Though language barriers can make communication difficult at times, love can break through them.
I met Rebecca while deployed to Mobile, Alabama for a post-critical incident intervention for various law enforcement officers and support staff. As my team began training in the areas of stress and trauma, I watched this young woman move to the front of the training room and begin to do sign language. It finally dawned on me (yes, I am a bit slow) why the business card the Special Agent in Charge handed me had small bumps on it: there was a member of his division that was deaf.
During one of the breaks, I took the opportunity to talk with her and asked about her position as an interpreter for the FBI. Since I was preparing to conduct a training on communicating to connect, I inquired about the power of her form of communication and some of the areas that seemed most critical. I wanted to discover how to connect with someone when they cannot hear words or tone of voice, and said that I do not know sign language.
She said, “Over 58 percent of your communication is done through the face, eyes, and in my case, hands.” She described how an interpreter can come across as insincere or lackadaisical by the lack of strength with the hands, the numb expression on the face and even the occasional rolling of the eyes. She went on to say, “If I want to let the person know that I understand and value them, they have to see it. It must be on my face, in my eyes and through my sign language that I ‘hear’ them.”
As I considered these reflections, I wondered if people “hear” God’s love in my eyes, on my face and through the actions I do even when I do not speak a single word. I remember the various mission crusades I participated in and the vast amounts of people I encountered that did not speak my language. Although we all came from different cultures and countries, we were still able to connect through the greatest conduit of communication: love.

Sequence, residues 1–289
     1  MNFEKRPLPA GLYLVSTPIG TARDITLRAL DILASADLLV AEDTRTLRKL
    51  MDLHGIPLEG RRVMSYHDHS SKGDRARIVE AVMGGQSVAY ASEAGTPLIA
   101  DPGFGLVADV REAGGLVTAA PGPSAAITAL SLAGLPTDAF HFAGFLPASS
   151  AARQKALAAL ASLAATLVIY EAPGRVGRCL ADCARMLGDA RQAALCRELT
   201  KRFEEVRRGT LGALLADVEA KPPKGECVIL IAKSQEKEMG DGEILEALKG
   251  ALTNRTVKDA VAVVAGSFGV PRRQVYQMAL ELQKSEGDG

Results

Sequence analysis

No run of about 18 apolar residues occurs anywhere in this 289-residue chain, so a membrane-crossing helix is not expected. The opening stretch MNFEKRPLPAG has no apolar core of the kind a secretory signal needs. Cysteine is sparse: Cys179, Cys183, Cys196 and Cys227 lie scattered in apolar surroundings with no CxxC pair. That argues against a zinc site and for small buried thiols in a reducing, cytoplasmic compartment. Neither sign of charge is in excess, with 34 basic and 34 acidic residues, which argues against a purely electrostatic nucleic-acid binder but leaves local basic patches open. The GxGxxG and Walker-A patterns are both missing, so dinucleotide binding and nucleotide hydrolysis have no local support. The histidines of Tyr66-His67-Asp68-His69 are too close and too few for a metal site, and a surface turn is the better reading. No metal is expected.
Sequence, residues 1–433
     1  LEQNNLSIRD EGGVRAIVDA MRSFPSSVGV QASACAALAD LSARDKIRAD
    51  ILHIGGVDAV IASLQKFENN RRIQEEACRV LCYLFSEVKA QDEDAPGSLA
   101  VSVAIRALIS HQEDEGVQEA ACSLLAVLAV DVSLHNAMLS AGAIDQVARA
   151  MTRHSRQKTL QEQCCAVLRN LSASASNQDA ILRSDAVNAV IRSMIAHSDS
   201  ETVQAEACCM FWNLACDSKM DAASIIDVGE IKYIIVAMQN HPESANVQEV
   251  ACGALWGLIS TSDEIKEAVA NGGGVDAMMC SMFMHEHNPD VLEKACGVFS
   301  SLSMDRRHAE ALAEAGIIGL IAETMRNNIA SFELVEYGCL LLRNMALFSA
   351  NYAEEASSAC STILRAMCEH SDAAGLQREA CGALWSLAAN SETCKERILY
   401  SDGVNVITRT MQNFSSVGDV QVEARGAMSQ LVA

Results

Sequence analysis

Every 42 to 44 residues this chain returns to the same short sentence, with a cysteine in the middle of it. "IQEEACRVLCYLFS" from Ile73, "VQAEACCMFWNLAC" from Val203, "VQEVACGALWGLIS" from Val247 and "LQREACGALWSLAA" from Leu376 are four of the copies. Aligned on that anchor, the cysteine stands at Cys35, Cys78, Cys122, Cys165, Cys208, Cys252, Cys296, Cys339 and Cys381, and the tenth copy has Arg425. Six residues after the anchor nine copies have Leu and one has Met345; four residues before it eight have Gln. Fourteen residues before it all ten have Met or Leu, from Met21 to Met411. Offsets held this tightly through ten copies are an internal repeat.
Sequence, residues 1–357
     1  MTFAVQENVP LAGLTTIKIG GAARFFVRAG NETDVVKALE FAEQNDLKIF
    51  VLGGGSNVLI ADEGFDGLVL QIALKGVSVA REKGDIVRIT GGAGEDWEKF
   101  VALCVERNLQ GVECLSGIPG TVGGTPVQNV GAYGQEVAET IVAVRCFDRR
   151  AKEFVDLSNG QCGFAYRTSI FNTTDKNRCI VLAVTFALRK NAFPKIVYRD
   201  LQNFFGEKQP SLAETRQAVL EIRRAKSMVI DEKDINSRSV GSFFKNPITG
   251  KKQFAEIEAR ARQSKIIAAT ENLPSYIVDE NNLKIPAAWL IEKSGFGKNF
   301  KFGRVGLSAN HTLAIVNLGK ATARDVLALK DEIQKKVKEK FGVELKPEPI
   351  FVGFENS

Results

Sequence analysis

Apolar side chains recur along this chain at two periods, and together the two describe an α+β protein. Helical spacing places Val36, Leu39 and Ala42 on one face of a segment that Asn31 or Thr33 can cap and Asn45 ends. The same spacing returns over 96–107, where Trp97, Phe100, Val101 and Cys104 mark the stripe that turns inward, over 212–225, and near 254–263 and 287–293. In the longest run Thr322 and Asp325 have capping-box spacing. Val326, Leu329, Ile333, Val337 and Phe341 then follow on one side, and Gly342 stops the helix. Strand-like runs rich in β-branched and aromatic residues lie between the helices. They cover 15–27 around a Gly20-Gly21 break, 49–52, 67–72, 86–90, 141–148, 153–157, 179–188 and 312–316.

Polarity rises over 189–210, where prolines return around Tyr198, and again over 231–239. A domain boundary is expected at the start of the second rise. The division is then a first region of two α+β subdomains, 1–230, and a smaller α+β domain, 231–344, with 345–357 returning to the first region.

Through the years of speaking and presenting, I have found that people will feel your attitude long before they hear your words. They will feel the warmth of acceptance and value in your smile and eyes long before you open your mouth. They will feel comforted by your calm and gentle presence without the first sentence spoken. I believe that in a time such as this with a lot of noise, panic and problems, the “language of love” is our greatest tool.
For us here in Plant City, this language of love is more than just the actions of our hands. It is the movement of our hearts. It is heard with every phone call made to check on someone and every meal prepared for others that cannot get out. It is seen with every warehouse worker, shelf stocker, semi truck driver and first responder who is committed to bring the confidence, care and commitment to “love one another.” This is what challenges and changes a community to be its best in the worst of times.
I remembered a story of a blind man that sat on steps with a sign that read “Blind, please help!” As footsteps would walk by, occasionally someone would put some change in his small bucket. About mid-morning, he heard the sound of high heels walking by. The high heels stopped, turned, and came back. The blind man thought he would receive some money. Instead, his sign was taken from him and he could hear scribbling on it. Once finished, it was handed back to him and the high heels walked away. Within minutes, the blind man began to hear change clinking around in his small bucket. Person after person passing by dropped money, to the growing amazement of the blind man. At the end of the day, when he could feel the sun going down, he heard the high heels again. Knowing it was the same shoes, he called out. “Excuse me. Can you tell me what you wrote on my sign?” The high heels came to him and a tender woman’s voice said, “I changed your words. I wrote, ‘It is a beautiful day and I cannot see it.’”
With all the words of problems and panic, I am thankful Plant City has decided to change the words to help, healing, and hope. Only when we are willing to change the words of worry can we hear the clinking sound of “change” in our community that starts with the language of love we speak from our hearts. This type of love is one that even the deaf can hear and the blind can see.
Dr. Daniel Middlebrooks is the Senior Chaplain of First Call Church and the CEO/President of Chaplaincy Care, Inc.